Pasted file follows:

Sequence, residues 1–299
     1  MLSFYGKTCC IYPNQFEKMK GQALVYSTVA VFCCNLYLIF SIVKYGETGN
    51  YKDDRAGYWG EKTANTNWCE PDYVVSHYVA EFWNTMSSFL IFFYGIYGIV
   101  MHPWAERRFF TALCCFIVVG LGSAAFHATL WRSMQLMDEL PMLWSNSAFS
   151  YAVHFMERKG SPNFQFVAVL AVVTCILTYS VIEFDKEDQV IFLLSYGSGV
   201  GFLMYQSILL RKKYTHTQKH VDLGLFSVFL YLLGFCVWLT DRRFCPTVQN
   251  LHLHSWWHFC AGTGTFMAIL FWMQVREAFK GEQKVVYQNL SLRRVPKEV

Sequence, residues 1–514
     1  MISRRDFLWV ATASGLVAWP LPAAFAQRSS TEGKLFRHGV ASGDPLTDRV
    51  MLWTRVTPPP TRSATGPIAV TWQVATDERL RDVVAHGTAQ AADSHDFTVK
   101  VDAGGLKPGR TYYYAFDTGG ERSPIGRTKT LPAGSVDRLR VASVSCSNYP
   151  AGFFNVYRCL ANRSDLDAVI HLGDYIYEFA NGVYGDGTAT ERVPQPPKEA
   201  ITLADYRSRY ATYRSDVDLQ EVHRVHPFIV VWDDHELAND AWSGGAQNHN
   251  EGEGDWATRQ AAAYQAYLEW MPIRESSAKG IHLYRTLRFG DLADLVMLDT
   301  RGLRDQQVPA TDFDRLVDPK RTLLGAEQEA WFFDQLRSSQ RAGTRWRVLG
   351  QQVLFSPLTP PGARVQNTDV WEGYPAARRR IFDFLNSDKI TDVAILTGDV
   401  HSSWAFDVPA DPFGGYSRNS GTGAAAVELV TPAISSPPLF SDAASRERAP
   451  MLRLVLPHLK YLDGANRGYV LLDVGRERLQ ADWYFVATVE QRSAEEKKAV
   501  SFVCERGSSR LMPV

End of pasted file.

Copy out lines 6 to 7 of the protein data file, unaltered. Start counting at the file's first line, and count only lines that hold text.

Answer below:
   201  GFLMYQSILL RKKYTHTQKH VDLGLFSVFL YLLGFCVWLT DRRFCPTVQN
   251  LHLHSWWHFC AGTGTFMAIL FWMQVREAFK GEQKVVYQNL SLRRVPKEV